Super Eagles striker Kelechi Iheanacho is currently one of Nigeria’s best legs playing outside the shores of the country, but all that didn’t come on a platter of gold but as he had to pay a price.
The Leicester city forward spoke to the club’s website on how he rose on his choosen career.
The 20-year-old became passionate about football at the age of 10, a passion he says came from God, but his parents weren’t very pleased with his new obsession, especially as his school grades began to suffer.
“I kicked a ball around as a boy, every day”,
said Iheanacho, who has two brothers and a younger sister.
“God got me into football, it wasn’t my family.
“I was in school and doing well but I suddenly switched to playing football and started going backwards in my studies.
“My parents were not happy. Every time they
tried to stop me playing, but I didn’t stop. I was so stubborn. I didn’t listen and kept playing.
“When I would come home after playing they
would punish me. One time my mother said
that I shouldn’t go to training, that I would get injured if I went. I ignored her and went.
“I had to be carried home once on someone’s back afterwards because I had injured my knees. I was about 10.
“She said: ‘I told you not to go,’ and started to hit me. Before I would run away but I
couldn’t run with broken knees. I just sat there.
“But I still played every day,” he grinned.
“Now when they ask who is the father of Kelechi? My father raises his hand and says ‘yes, I am the father of Kelechi’. He is so proud of me.
“I was 11, or 12 maybe, when I started to play for my state in Lagos. I started doing well in competitions so they started to let me go.”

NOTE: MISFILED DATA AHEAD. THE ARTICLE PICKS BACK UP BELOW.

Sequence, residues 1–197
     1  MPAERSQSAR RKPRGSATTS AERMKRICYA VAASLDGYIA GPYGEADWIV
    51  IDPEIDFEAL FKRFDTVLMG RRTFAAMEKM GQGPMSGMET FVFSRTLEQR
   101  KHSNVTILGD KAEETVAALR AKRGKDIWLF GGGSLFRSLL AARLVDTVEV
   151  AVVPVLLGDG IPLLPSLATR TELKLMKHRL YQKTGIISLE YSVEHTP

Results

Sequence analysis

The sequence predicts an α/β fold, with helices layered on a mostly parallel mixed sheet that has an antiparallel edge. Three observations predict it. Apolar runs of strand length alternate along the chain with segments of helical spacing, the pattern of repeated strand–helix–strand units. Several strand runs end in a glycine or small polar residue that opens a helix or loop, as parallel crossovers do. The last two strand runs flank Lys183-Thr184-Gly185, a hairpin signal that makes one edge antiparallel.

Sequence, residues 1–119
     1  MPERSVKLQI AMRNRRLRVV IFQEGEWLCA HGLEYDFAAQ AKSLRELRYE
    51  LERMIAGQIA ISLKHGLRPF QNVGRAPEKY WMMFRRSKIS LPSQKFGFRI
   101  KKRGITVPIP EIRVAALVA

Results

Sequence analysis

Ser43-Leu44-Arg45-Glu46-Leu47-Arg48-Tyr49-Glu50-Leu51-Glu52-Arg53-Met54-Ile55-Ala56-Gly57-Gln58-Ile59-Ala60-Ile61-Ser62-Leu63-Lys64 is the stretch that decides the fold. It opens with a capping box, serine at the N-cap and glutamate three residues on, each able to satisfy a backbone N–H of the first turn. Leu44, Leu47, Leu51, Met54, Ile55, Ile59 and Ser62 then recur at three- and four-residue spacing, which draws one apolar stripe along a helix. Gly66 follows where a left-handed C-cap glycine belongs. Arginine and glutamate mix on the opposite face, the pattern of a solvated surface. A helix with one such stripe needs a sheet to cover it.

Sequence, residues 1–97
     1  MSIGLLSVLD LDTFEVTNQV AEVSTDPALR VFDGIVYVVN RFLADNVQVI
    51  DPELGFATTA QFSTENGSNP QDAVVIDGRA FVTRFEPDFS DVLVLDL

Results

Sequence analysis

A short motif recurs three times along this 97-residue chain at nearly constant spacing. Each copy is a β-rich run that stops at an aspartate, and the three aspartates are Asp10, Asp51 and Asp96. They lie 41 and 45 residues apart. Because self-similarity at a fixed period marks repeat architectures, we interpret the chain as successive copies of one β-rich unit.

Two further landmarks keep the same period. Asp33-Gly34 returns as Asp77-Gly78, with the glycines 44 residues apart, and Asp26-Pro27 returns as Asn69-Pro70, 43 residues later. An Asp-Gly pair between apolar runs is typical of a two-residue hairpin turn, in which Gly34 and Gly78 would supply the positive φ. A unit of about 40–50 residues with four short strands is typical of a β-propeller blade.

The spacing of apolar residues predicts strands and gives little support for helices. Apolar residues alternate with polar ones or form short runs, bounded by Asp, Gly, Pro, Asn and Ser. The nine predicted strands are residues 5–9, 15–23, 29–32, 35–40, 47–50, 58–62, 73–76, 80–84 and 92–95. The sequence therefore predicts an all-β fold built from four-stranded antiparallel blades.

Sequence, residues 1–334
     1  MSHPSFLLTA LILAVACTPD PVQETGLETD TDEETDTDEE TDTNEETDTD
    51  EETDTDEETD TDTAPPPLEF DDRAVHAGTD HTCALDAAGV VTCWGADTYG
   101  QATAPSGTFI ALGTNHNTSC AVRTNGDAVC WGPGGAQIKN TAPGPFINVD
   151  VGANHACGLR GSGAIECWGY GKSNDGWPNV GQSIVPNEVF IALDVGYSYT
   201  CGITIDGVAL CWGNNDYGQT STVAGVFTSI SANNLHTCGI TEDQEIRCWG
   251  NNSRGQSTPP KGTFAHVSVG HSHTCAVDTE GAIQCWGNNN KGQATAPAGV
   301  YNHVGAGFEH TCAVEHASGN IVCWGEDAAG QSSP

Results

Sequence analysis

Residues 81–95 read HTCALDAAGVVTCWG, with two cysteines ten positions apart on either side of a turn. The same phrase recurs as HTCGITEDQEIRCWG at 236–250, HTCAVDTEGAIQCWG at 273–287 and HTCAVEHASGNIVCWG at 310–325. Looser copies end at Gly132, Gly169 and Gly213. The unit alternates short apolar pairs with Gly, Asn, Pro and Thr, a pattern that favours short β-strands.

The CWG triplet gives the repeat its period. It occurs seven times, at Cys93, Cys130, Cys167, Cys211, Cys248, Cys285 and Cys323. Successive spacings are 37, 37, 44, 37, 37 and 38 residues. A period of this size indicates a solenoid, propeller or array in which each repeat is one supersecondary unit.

It was when Iheanacho and the Nigerian
under-17 team won the 2013 World Cup in UAE that professional clubs began to take notice.
“The World Cup was a great experience and
something we will never forget,” said
Iheanacho, who won the tournament’s Golden Ball award for the most effective player after scoring six times and providing seven assists.
“We didn’t think we would be in the World Cup, with all the struggles, and no one believed in Nigeria that we would win. Our players had to be taken out of the country so they could play and we went to the World Cup.
“Before you know it, we started smashing
teams. People started to believe in us and we won.
“Overseas clubs didn’t start to show interest
until then. That was when an agent from
Portugal came to see me. He was the first
agent I met. Then I signed for Manchester City.
“It was a miracle to be in that World Cup.”
Accompanied initially by his father, Iheanacho came to England and he admits it was a struggle at first.
“I was 17,” he recalls. “I came in the winter and I was so cold. My first training session I
remember being so cold. I was wearing all the jackets and a hat.
“My father came and he stayed just five
minutes and ran back to the hotel because he was so cold.
“It wasn’t a good experience for me, but I couldn’t do anything. I said I am not going back. I am here now and this is my destiny. I will finish this and see what comes of it.
“It was a little bit tough at first when I arrived
but it wasn’t that bad. I saw new people and
new things. I tried to adapt and it went well for me after a while.
“My dad stayed for two weeks, and I lived with a family, with another player. They really looked after us and took care of us.”
Iheanacho soon began to make an impact at
Manchester City but he knew his first-team
opportunities would be limited and he signed for Leicester in a £25million deal this summer, joining his international team-mates Wilfred Ndidi and Ahmed Musa, who he calls his brothers.
“It is lovely being around them now,” he said. “I can speak some Nigerian English and have a little chat. It helps me settle down.
“They took me to a Nigerian restaurant in
Leicester where they normally go to eat. I feel very happy here. It is a great move for me. It is where I should be.
“It is a great club, a beautiful club, and
hopefully I will help the team to fight as well” he concluded.